Croda Lubricants to launch new Group V base oil technology

Though the product is not yet commercially available, Croda Lubricants announced its latest Group V base oil technology during opening day of F+L Week 2016 at the Regent Singapore.

Synthetic base stocks are often made of esters or of amides. Curran explained that while liquid amides do not outperform esters in all areas, they have some significant advantages of which this new product takes advantage of. In this case, the top selling point is hydrolytic stability. When an ester interacts with water, the water basically reverses the necessary reaction. Amides, however, have a much lower tendency to react with water, or a higher hydrolytic stability.

Martin Curran, lubricant applications specialist, presented two case studies, one where a 10% polyol ester was compared with a 10% liquid amide. Hydrolytic stability was measured using ASTM D2619, and even when this test was extended to 240 hours, liquid amides’ benefit was still obvious. Elastomer compatibility was also measured, and the liquid amide caused less volume change in all cases. However, the results did vary across different elastomer materials.

A second case study used turbine oils, and looked at measured sludge control and demulsibility, at which the liquid amide also showed significant improvement.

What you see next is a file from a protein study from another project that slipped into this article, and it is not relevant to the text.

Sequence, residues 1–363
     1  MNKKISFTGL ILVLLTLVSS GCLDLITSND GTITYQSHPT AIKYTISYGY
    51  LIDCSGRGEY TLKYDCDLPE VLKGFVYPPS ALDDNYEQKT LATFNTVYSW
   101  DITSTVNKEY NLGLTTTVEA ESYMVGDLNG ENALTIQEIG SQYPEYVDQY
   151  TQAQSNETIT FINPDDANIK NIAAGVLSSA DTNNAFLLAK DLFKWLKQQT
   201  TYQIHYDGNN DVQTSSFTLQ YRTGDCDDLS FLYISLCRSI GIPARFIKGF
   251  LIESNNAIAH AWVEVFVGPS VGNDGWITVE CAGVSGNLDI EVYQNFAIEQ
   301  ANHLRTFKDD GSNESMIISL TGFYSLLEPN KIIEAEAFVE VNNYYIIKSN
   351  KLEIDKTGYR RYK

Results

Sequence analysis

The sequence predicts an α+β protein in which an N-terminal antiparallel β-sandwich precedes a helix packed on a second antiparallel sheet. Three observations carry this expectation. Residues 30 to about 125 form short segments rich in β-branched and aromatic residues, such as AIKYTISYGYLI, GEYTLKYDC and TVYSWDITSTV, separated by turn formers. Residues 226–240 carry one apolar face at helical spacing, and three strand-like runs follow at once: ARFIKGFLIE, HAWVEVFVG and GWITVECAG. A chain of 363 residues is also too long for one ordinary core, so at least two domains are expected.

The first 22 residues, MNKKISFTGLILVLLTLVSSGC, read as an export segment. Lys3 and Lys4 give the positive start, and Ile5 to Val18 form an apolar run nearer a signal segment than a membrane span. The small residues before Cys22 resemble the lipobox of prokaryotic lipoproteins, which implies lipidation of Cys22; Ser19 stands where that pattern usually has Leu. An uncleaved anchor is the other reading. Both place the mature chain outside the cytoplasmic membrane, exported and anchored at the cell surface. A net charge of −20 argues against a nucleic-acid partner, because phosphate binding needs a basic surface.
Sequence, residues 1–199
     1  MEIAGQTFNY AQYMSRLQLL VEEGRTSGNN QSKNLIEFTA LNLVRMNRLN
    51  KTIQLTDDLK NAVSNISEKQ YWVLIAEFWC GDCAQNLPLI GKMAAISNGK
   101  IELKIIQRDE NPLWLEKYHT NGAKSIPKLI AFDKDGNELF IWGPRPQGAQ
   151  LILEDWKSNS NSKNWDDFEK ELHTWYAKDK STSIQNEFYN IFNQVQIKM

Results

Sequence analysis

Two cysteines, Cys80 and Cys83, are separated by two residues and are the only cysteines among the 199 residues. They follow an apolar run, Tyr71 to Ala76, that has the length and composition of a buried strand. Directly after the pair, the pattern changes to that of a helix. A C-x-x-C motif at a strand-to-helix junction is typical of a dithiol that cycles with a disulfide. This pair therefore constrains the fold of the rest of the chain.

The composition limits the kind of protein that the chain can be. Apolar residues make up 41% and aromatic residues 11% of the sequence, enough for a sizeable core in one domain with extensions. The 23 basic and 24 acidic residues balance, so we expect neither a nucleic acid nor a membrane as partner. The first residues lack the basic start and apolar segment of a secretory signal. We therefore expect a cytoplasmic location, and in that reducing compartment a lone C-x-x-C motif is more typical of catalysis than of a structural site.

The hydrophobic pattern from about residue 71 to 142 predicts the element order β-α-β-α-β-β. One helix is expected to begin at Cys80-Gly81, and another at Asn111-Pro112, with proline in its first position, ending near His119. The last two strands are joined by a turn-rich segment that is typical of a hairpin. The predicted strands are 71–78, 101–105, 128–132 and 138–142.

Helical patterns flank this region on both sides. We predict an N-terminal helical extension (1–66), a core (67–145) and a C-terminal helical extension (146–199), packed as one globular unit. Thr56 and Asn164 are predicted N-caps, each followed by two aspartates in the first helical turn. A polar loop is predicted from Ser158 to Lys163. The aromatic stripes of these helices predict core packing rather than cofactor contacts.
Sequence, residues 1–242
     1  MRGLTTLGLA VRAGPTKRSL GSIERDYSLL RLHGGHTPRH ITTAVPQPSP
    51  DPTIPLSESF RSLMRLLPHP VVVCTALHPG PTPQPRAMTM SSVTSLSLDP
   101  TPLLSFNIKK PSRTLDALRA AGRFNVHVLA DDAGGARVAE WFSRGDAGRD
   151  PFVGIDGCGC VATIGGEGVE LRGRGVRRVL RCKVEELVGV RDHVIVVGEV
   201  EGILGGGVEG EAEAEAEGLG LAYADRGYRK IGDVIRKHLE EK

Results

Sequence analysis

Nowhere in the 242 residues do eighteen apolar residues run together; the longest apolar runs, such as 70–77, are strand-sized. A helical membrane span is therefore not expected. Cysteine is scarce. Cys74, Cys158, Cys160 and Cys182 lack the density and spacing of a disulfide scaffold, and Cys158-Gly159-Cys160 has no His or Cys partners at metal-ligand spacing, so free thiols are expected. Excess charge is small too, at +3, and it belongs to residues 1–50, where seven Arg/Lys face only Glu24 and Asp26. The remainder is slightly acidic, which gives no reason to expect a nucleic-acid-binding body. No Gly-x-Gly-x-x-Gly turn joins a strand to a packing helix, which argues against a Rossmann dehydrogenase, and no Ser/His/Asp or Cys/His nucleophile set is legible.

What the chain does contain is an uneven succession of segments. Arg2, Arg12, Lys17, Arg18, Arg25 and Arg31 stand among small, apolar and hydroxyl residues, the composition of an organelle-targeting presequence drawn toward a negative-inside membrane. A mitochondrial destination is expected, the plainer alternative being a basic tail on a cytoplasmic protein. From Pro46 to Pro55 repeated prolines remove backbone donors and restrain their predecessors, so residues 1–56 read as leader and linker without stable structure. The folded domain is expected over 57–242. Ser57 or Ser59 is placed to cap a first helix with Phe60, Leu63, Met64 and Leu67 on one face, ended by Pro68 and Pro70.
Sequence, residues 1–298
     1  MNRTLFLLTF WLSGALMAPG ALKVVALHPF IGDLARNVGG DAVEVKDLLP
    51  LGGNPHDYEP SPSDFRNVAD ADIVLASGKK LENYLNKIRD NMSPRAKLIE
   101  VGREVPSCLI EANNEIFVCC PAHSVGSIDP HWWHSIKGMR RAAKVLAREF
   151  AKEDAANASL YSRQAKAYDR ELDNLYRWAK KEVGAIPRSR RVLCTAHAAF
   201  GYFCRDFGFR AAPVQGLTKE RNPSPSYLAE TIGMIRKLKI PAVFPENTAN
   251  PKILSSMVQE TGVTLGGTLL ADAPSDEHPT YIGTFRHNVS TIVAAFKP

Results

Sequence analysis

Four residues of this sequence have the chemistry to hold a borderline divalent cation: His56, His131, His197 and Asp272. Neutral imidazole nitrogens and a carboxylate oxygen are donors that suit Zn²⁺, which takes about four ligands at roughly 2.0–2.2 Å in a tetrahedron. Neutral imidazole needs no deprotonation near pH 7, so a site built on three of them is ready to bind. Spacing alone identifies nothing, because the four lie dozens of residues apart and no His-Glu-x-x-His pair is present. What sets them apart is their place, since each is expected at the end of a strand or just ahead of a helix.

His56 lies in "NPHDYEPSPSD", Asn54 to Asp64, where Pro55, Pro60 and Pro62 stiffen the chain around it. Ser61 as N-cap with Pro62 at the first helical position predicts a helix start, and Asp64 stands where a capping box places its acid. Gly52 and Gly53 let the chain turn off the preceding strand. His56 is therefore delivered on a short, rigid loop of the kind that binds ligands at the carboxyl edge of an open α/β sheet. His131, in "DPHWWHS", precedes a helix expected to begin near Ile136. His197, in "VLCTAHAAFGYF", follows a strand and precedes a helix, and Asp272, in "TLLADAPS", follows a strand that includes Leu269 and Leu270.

Curran shared that Croda’s new product will first find its application in the industrial lubricants sector, as more testing is still underway for automotive applications. While synthetic solutions are undoubtedly more expensive than conventional ones, Curran said “this liquid amide really ticks all the boxes of what you want in a Group V base oil.” It will first be available in the U.S. and Europe, and is currently undergoing REACH registration.

Mehdi Fathi-Najafi, senior technical adviser at Nynas, a naphthenic base oil producer, talked about how the industrial lubricants market was being affected by the diminishing supply of Group I products from the market. He conveyed the sentiment that industrial lubricants felt left behind by the rationalization of Group I refineries.

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